Observability is the practice of understanding the internal state of a system from its output. It’s based on a trio of key indicators: logs, metrics, and traces. Because metrics and traces are numerical, it’s easy to visualize that data through graphics. Logs are unfortunately text heavy and relatively difficult to visualize or observe.
No matter the data type and its underlying nature, actionable log data helps you solve problems and make smarter business decisions. And that’s where Parseable comes in.
The SaaS observability ecosystem is thriving, but there’s little to no movement in open source, developer-friendly observability platforms. That’s what we’re looking to address with Parseable.
Parseable is an open source, developer-centric platform created to ingest and query log data. It’s designed to be efficient, easy to use, and highly flexible. To achieve this, Parseable uses a cloud-native, containerized architectural approach to create a simple and dependency-free platform.
Specifically, Parseable uses Apache Arrow and Parquet under the hood to efficiently store log data and query at blazingly fast speeds. It uses S3 or other compatible storage platforms to support seamless storage while remaining stateless.
What’s unique about Parseable?
Here are some exciting features that set Parseable apart from other observability platforms:
- It maintains a SQL-compatible API for querying log data.
- The Parquet open data format enables complete data ownership and wide-ranging possibilities for data analysis.
- The single binary and container-based deployment model (including UI) helps you deploy in minutes — if not seconds.
- Its indexing-free design rivals the performance of indexed systems while offering lower CPU usage and less storage overhead.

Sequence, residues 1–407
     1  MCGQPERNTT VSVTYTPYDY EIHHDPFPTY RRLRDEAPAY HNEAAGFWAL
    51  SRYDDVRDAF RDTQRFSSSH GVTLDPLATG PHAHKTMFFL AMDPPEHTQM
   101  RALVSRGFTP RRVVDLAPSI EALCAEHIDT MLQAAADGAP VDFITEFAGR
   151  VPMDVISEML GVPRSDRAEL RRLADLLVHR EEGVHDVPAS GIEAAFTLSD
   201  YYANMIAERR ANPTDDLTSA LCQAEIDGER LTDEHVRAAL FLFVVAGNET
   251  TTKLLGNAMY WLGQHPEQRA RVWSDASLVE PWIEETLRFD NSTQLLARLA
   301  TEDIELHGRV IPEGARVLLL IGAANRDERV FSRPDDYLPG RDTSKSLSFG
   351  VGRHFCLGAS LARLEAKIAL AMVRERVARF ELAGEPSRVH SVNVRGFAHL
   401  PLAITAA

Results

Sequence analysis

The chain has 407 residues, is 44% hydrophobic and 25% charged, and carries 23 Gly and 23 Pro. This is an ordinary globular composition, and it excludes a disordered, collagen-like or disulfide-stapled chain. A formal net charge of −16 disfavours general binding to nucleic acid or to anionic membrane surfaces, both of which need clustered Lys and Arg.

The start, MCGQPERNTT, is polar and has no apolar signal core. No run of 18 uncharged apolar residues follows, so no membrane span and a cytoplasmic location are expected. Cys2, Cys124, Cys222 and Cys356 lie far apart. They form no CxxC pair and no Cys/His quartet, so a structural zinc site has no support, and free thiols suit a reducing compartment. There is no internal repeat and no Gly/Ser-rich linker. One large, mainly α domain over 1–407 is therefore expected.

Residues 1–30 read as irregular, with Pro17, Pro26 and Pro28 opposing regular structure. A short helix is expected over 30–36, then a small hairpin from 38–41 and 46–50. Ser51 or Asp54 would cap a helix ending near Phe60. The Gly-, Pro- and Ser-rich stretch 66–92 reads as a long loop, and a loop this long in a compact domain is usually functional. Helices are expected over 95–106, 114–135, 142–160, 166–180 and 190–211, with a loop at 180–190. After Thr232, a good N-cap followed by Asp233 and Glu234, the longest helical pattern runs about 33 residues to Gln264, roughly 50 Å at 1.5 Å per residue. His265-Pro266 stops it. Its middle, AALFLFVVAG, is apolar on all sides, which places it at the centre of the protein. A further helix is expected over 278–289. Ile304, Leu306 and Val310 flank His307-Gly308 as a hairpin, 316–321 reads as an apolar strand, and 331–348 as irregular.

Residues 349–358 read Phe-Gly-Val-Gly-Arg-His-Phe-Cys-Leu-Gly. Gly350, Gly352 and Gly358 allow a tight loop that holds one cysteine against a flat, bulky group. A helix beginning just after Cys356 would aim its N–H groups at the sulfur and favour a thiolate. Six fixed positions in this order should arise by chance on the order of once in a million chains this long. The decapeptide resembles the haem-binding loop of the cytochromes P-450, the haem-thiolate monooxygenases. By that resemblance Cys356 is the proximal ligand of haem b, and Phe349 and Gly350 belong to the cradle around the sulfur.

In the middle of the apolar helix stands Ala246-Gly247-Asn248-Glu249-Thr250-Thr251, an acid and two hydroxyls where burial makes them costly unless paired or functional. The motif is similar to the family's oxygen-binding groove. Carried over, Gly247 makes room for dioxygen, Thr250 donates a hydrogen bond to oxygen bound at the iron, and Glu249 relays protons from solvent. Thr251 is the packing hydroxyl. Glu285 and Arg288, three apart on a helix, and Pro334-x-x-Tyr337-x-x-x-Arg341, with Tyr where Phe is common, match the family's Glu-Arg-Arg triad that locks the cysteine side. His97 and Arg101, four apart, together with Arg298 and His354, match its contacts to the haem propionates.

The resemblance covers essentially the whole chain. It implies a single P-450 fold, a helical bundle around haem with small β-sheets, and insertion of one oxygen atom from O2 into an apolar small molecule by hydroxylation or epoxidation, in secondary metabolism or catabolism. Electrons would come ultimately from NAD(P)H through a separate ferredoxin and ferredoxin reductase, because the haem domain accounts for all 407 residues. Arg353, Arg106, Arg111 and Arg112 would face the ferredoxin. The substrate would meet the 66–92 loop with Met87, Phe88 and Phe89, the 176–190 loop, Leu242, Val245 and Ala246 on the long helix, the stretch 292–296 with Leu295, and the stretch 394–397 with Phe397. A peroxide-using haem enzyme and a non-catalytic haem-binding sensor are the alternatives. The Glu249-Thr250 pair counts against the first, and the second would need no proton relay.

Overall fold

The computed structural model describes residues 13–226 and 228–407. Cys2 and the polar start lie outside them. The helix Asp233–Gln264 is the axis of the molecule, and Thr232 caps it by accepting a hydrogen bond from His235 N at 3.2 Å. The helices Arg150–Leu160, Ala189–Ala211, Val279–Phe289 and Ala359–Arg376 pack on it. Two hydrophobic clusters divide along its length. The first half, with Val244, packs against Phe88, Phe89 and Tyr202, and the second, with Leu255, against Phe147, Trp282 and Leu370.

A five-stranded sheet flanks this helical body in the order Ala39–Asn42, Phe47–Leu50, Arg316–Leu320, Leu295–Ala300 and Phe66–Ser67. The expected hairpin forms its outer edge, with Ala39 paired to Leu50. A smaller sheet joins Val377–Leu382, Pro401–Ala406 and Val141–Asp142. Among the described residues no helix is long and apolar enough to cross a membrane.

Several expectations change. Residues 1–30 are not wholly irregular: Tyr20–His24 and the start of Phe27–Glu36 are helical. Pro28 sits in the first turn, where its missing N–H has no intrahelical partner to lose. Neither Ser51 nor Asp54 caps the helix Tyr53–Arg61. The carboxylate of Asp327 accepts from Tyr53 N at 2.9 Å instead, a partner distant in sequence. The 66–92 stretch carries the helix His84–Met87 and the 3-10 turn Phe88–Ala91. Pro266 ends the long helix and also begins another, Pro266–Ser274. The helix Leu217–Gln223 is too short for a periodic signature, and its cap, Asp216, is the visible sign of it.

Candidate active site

- It’s written in Rust with low latency and high throughput.
How does Parseable work?
Parseable exposes HTTP REST API endpoints. This lets you ingest, query, and manage your log streams on the Parseable server. There are three major API categories:
- Log stream creation, ingestion, and management
- Log stream query and search
- Overall health status
API reference information and examples are available on the Parseable public workspace, at Postman.
Parseable is compatible with standard logging agents like FluentBit, LogStash, Vector,
syslog and others via their HTTP output agents. It also offers a built-in, intuitive GUI for log query and analysis.
Why use the Parseable Docker extension?
Docker Extensions help you build and integrate software applications into your daily workflows. With the Parseable extension, we aim to provide a simple, one-click approach for deploying Parseable.
Once the extension is installed and running, you’ll have a running Parseable server that can ingest logs from any logging agents or directly from your application. You’ll also have access to the Parseable UI.
Overall, the Parseable extension brings richer log observability to development platforms.
Getting started with Parseable
- A Docker Desktop installation
- MinIO Object Storage (or S3 if available)
- Credentials for read-write access to object storage
- An object storage bucket
Hop into Docker Desktop and confirm that the Docker Extensions feature is enabled. Click the Settings gear > Extensions tab > check the “Enable Docker Extensions” box: